Marching to the Canon: The Life of Schubert's Marche Militaire

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Boydell & Brewer, 2014 - Music - 319 pages
Marche militaire is Franz Schubert's most recognizable and beloved instrumental work. Originally published for piano four hands in 1826, this tuneful march -- Schubert's first of three military marches -- was arranged, adapted, and incorporated into new incarnations over the next two centuries. Its success was due to its chameleonlike ability to cross the still-porous borders between canonic and popular repertories, creating a performance life that made deep inroads into dance, literature, and film, and inspired quotations or allusions in other music Marching to the Canon examines the history of Schubert's storied Marche militaire from its modest beginnings as a duet published for domestic consumption to its now-ubiquitous presence. After detailing the composition, publication, and reception of the original march, the book analyzes the impact of transcriptions and arrangements for solo piano, orchestra, band, and other settings. In addition, it considers the ways the march was used symbolically, even manipulated, during the Franco-Prussian War and the two world wars, as well as the diverse creative uses of the piece by significant figures as varied as Willa Cather, Isadora Duncan, Walt Disney, and Igor Stravinsky. This study of the reception and impact of the Marche militaire offers a unique narrative illuminating the world that enshrined this remarkable score as one of the most memorable musical works of the nineteenth century. Scott Messing is the Charles A. Dana Professor of Music at Alma College, and the author of two works available from the University of Rochester Press: Neoclassicism in Music and the two-volume Schubert in the European Imagination.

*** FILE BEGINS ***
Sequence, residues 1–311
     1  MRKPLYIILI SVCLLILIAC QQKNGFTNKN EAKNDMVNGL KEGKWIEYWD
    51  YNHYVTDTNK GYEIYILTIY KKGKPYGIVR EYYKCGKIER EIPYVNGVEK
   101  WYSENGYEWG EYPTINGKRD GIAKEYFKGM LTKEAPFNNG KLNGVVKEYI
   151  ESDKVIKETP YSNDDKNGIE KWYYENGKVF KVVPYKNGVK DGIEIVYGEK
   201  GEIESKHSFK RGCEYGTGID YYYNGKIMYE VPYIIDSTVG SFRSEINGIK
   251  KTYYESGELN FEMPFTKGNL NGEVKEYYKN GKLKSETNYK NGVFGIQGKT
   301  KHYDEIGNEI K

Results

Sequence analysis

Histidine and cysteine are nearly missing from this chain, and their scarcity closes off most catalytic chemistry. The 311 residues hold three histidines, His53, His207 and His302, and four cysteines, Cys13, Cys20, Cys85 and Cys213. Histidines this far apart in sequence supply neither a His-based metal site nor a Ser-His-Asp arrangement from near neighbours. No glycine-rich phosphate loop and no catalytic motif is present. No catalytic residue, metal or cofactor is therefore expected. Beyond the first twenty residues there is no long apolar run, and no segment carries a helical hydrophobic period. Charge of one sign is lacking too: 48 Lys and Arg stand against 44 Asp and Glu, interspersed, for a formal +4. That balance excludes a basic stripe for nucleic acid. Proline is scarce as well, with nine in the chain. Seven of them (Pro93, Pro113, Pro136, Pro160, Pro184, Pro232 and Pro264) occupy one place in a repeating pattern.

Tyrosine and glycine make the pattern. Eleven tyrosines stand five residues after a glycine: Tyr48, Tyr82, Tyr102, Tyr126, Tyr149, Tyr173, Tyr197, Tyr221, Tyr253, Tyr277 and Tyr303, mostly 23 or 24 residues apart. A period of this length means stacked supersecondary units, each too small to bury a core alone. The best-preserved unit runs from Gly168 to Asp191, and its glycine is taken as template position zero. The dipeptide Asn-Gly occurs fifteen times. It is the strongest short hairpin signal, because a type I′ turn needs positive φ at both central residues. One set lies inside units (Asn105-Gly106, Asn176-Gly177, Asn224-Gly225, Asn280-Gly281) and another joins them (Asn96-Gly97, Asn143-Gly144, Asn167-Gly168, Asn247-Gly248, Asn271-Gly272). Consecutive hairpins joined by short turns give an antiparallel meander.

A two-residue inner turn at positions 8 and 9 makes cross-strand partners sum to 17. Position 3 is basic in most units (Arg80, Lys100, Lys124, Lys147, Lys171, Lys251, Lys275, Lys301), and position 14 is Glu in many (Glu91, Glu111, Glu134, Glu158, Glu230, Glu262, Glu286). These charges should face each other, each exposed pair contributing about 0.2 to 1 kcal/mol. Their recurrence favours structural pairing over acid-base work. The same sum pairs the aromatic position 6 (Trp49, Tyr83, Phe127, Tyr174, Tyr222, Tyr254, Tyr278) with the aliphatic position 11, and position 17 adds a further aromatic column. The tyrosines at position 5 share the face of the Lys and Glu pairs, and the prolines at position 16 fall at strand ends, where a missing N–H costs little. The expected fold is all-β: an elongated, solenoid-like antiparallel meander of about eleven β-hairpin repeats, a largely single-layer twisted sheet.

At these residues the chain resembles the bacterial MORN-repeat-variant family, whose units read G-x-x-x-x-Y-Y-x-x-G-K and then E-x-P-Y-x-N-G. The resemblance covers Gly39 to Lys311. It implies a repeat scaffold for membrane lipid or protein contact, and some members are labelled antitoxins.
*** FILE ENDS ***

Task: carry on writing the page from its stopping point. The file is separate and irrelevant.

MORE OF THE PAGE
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About the author (2014)

Scott Messing is Charles A. Dana Professor of Music at Alma College.

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